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Raising our voices against domestic violence

Domestic violence comes in several forms and varying degrees of severity. Statistics from the United States’ National Coalition Against Domestic Violence show that more than 10 million women and men are abused by an intimate partner on a yearly basis. The national domestic violence hotlines receive no less than 20,000 calls on a regular day. This only proves that the fight against the monster is still a long way from being won.

Initiatives like the Domestic Violence Awareness Month hope to step up the conversation about domestic violence. However, we cannot restrict discussions about domestic violence to the month of October only. There is a need to keep the conversation going all year round. For many of us, our voice is the most powerful tool we can lend to this fight.

A short highlight of the dynamics of domestic violence

The multifaceted of domestic violence is such that anyone can be a victim. There is no atypical or typical victim. You’ll find victims from all walks of life; both genders, all races, varying educational and sociocultural, and economic backgrounds, and all religions are affected. And domestic violence is never the fault of the victim. No one deserves to suffer any form of violence from an intimate partner, no matter the transgression. On the simplest level. It’s an issue of power and control. The moment one partner starts feeling entitled to power and control over the other, violence sets in.

Photo by Kat J

The different faces of domestic violence

As mentioned earlier, domestic violence is multifaceted. Below are a few of the types of domestic violence:

  • Physical: the most common type of domestic violence. Occurs when a partner inflicts or attempts to inflict bodily harm on the other partner.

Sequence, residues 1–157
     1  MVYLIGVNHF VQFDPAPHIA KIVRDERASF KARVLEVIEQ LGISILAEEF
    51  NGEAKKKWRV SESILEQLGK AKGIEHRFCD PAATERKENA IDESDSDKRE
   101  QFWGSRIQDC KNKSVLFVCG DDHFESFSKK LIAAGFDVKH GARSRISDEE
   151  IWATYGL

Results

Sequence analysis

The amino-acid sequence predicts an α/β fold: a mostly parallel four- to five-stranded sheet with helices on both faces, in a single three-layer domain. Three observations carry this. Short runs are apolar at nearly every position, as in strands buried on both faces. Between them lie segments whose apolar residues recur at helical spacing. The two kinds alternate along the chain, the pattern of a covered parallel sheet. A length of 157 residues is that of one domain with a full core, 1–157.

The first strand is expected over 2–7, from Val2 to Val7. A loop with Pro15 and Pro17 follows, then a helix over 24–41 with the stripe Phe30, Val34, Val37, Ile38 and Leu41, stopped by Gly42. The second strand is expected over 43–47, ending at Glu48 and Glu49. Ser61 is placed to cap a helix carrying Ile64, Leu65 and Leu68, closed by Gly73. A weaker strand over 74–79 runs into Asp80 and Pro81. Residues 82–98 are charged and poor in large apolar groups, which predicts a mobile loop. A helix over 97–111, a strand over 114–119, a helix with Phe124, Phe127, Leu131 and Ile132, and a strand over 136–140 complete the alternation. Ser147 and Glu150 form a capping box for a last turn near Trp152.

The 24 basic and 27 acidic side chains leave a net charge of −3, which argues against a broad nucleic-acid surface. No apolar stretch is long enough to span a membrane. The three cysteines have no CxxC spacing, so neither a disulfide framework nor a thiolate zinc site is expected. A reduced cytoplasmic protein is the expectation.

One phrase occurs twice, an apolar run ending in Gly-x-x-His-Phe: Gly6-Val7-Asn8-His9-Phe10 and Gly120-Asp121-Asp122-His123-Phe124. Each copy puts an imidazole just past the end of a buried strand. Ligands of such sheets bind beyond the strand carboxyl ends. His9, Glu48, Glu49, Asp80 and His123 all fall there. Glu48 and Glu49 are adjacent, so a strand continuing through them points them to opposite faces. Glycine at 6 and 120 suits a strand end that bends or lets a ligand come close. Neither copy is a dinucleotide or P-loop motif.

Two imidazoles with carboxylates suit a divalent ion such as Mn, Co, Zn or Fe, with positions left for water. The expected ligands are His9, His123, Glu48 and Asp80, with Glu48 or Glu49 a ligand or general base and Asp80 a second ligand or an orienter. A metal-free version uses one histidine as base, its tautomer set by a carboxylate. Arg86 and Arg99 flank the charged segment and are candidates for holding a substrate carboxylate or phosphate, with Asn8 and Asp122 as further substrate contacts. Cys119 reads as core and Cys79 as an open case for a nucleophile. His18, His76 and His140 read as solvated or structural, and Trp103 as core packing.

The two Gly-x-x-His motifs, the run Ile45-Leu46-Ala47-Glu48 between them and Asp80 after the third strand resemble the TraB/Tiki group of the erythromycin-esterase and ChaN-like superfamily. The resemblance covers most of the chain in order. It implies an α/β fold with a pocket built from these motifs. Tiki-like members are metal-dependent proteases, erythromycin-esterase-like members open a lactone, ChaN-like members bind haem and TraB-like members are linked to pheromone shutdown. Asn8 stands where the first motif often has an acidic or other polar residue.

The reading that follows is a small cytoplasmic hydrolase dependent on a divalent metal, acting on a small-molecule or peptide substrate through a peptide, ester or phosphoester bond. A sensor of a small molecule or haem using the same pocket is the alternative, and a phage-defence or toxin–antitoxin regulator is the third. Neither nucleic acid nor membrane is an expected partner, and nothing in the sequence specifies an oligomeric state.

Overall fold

• Sexual: It involves forcing sexual relations on the other party without their express consent or attempting to undermine their sexuality
  • Economic: making or attempting to make a partner financially dependent.
  • Psychological: instilling unwarranted fear in a partner.
  • Emotional: undermining a partner’s sense of self-worth or attempting to do so.

Photo by Sydney Sims

How we can raise our voices

If we are to have any realistic shot at ending domestic violence, we all need to speak out. Here are some ways through which we can raise our voices:

  • Call emergency services or the domestic violence hotline
  • Be vocal about domestic violence in your community. Do not be afraid to start conversations or educate people on the need to speak up
  • Educate the youths on the need for mutual respect in all their relationships
  • Get help if you are currently facing domestic violence.

The option of leaving is always available for anyone facing domestic violence. However, leaving could sometimes put you at a greater risk. Many abusers are known to become even more

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